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Basseterre, St. Kitts, April 29, 2021 (SKNIS): The 2021 Hurricane Season, which officially starts on June 01, indicates another above-average period with 18 named storms, 12 less than the 30 named storms in 2020.

“For this year, they are looking at a lower number and the reason for that is because last year we had a strong La Nina, whereas this year, we anticipate that as we go into the peak of the Hurricane Season, we are going to be experiencing a weak to moderate La Niña,” said Elmo Burke, Senior Meteorological (MET) Officer at the St. Christopher Air and Sea Ports Authority (SCASPA) on the April 28 edition of Working for You.

Information from the National Oceanic and Atmospheric Administration (NOAA) states that La Niña is a natural ocean-atmospheric phenomenon marked by cooler than average sea surface temperatures across the Central and Eastern Pacific Ocean near the equator.

Mr. Burke noted that of the 18 named storms for 2021, eight may develop into hurricanes, and out of the eight, four may develop into major hurricanes of categories three, four, or five. He added that the predictions do not mean that St. Kitts and Nevis will be impacted by any of the 18 named storms or by all of them.

“What the forecast does is allow for the disaster fraternity and the insurance companies to start to mobilize resources because there is the potential that you may be impacted or there is a high potential that you can now start to mobilize pre-position resources as well,” he said noting that this is just one main objective of the forecast.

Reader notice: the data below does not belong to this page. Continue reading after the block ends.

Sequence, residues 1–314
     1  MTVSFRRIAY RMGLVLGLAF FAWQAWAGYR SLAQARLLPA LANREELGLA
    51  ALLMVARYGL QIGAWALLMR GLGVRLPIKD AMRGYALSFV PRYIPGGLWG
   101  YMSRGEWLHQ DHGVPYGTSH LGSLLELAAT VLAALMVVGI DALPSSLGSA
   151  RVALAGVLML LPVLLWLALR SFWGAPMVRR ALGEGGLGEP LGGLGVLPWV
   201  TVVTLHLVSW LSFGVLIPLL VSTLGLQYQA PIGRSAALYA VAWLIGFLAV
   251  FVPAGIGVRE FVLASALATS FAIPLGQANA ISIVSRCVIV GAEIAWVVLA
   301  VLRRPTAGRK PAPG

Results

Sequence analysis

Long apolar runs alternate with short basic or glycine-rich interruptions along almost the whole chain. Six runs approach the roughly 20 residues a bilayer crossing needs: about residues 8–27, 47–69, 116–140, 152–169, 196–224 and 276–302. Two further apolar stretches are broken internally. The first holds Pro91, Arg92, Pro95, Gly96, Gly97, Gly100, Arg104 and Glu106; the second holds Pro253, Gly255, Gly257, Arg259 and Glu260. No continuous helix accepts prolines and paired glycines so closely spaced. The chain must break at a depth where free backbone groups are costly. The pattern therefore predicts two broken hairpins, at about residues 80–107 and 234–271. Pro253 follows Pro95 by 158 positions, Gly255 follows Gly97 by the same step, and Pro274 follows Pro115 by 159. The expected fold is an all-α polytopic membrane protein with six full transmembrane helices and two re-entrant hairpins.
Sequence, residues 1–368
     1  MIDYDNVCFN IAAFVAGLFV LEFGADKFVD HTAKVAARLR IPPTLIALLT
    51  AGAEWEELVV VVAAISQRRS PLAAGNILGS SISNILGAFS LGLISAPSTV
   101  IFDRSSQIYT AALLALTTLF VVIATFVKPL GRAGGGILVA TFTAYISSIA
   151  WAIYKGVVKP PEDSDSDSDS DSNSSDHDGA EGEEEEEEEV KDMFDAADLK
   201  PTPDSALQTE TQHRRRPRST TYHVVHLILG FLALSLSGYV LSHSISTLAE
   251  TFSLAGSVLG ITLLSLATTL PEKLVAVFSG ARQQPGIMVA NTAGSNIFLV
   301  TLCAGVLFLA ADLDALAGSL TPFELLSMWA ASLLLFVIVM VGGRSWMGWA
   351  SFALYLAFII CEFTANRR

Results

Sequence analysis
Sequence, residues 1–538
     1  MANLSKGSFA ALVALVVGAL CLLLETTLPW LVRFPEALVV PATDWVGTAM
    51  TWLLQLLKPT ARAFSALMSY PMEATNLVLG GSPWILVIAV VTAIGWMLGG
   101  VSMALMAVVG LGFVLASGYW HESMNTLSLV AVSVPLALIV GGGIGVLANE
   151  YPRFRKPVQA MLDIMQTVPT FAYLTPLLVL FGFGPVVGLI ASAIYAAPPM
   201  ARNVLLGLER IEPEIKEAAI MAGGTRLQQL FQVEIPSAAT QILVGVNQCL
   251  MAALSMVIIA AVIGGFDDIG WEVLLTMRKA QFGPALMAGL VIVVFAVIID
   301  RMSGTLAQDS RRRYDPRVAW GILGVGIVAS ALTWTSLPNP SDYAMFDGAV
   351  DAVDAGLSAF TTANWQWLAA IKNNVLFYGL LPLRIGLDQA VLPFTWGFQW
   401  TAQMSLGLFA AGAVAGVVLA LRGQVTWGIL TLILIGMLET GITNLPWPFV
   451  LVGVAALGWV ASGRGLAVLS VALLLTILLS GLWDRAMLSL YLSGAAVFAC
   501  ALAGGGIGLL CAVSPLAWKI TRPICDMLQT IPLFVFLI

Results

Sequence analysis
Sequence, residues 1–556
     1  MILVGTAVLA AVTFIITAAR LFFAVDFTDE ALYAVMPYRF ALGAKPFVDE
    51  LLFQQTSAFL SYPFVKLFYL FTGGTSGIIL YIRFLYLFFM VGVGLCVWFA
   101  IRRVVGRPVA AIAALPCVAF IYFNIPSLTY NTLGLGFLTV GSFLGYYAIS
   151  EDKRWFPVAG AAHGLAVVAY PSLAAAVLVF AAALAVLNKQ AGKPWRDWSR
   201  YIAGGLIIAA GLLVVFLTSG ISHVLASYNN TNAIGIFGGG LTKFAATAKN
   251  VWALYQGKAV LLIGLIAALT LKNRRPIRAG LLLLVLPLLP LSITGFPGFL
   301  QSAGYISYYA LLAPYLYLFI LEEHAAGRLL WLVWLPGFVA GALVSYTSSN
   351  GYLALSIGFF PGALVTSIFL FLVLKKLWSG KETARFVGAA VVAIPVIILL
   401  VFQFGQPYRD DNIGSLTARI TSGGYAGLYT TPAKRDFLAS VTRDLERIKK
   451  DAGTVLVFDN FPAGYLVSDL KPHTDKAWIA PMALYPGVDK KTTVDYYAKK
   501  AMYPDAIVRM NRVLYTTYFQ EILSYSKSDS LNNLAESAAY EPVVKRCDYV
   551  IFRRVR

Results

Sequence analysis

Mr. Burke touched briefly on comments made where persons stated that the hurricane forecasts are inaccurate because the Federation was not impacted in 2020.

“The forecast is totally accurate because they never said that they are doing a forecast for St. Kitts and Nevis. They are doing it for the Atlantic Basin [which includes] the Atlantic Ocean, the Gulf of Mexico, and the United States Coastline,” he said. “We are saying in that region that we anticipate a hyperactive Hurricane Season in terms of hurricane activity and as such, it materialized where last year we had 30 storms, 14 of which developed into hurricanes and six developed into major hurricanes.”

The Senior Met Officer said that several universities within the United States have invested in terms of supercomputers to produce climate forecasts. However, one of the more reliable and acceptable ones especially for the Caribbean is the forecast from the Colorado State University (CSU) “because over the years they have been more accurate.”

According to www.nhc.noaa.gov, since 1953, Atlantic tropical storms have been named from lists originated by the National Hurricane Center. For 2021, the 18 named storms are Ana, Bill, Claudette, Danny, Elsa, Fred, Grace, Henri, Ida, Julian, Kate, Larry, Mindy, Nicholas, Odette, Peter, Rose, Sam, Teresa, Victor, and Wanda.

The Hurricane Season officially ends on November 30.

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